An investigation of the relationships between mineral nutrition and the phytoextraction of zinc by Indian mustard (Brassica juncea Czern.)
Zinc is the heavy metal occurring in the greatest concentrations in the majority of wastes in modern, industrialized communities and is a common metal found at metal-polluted sites. Phytoextraction is a plant-based remediation technology aimed at the removal of metals from contaminated sites through the use of metal-accumulating plants. Although Indian mustard (Brassica juncea Czern.) has been identified as a moderate accumulator of Zn, little is known about the Zn-phytoextraction potential of this plant and whether or not mineral nutrition could be used to improve plant growth and Zn accumulation under Zn-contaminated conditions. The objectives of this research were to determine how the Zn phytoextraction potential of B. juncea is affected by: (a) the concentration of Zn in the nutrient medium; (b) the alleviation of Zn-induced Fe deficiency; (c) the molar % ratio of NH 4+ to NO3− and (d) the concentration of N and P in the nutrient medium. The pH of nutrient solutions generally decreased with: increasing Zn supply; decreasing Fe supply; and increasing proportion of NH4+-N in nutrient solutions. The ability of B. juncea to phytoextract Zn increased with increasing Zn supply initially, but then leveled off because the increase in shoot Zn concentration was accompanied by a suppression of shoot growth. Zinc-induced Fe deficiency was found to limit the effectiveness of B. juncea to phytoextract Zn, and increased P fertility appeared to exacerbate this problem. Alleviating Fe deficiency with root applied Fe-EDDHA had a limited effect on increasing Zn phytoextraction because Zn accumulation was suppressed with increasing Fe supply. Plants concentrated more Zn in shoots and roots if plants were supplied a high proportion of NO3 −, and increasing NH4+ nutrition enhanced growth. Zinc phytoextraction was maximized if plants were supplied 90% NO3−-N and 10% NH4 +-N. Zinc accumulation in shoots increased with increasing N and P supply, but the effect of N was greater. To the extent that N was a limiting factor for growth, N additions increased plant growth, but growth was not effected by P nutrition. Increased N fertility can increase Zn phytoextraction, but the effect of P nutrition is limited.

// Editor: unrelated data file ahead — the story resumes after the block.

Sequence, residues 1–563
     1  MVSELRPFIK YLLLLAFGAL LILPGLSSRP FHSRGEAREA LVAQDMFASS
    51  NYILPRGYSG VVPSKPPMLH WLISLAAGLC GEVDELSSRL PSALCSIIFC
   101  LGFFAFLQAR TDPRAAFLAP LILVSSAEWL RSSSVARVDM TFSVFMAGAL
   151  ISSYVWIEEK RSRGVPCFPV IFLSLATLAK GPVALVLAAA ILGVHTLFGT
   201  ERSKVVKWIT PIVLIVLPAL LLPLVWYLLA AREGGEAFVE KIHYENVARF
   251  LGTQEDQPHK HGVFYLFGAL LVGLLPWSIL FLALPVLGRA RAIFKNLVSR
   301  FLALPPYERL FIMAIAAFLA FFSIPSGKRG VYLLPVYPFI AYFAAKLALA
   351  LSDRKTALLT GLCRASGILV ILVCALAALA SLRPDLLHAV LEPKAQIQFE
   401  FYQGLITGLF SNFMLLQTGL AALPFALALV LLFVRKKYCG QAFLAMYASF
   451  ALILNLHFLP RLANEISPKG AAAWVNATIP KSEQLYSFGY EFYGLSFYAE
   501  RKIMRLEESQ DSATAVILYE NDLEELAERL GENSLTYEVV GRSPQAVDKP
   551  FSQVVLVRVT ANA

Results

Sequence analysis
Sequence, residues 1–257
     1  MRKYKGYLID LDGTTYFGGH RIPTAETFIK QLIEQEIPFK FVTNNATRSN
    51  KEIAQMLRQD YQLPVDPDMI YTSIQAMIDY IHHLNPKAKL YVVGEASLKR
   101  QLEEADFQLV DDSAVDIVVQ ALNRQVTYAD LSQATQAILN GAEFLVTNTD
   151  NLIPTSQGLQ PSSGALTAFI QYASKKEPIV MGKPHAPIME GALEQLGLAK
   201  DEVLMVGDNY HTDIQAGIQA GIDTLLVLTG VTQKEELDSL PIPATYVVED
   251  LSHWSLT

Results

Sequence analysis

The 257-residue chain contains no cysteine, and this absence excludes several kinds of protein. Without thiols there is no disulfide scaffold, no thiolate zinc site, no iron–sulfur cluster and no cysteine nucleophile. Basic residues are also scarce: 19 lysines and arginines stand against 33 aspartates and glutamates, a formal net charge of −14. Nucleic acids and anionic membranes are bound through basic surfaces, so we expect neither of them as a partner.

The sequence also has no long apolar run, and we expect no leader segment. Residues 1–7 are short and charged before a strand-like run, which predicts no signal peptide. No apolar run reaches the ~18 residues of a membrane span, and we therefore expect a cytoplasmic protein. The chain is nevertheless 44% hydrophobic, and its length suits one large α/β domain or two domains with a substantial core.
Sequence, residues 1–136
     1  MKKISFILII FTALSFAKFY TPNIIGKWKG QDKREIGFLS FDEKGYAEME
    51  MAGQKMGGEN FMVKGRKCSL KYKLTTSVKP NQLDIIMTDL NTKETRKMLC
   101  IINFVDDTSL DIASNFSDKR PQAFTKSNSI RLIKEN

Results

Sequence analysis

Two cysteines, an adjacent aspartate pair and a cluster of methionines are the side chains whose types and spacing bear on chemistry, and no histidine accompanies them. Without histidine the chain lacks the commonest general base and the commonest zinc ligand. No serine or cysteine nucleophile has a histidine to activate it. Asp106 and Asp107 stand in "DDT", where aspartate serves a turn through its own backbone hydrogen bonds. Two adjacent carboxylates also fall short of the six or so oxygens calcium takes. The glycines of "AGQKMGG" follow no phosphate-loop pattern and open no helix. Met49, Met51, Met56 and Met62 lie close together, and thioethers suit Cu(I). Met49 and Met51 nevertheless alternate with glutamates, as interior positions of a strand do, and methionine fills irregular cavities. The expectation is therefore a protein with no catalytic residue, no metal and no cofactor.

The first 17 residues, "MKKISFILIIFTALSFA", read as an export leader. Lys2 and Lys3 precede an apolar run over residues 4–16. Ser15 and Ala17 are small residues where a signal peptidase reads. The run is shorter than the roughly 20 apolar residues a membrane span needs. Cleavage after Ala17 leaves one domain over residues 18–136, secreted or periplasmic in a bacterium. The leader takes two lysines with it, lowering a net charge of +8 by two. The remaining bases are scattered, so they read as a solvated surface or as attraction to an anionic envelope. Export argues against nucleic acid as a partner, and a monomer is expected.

0775: Environmental engineering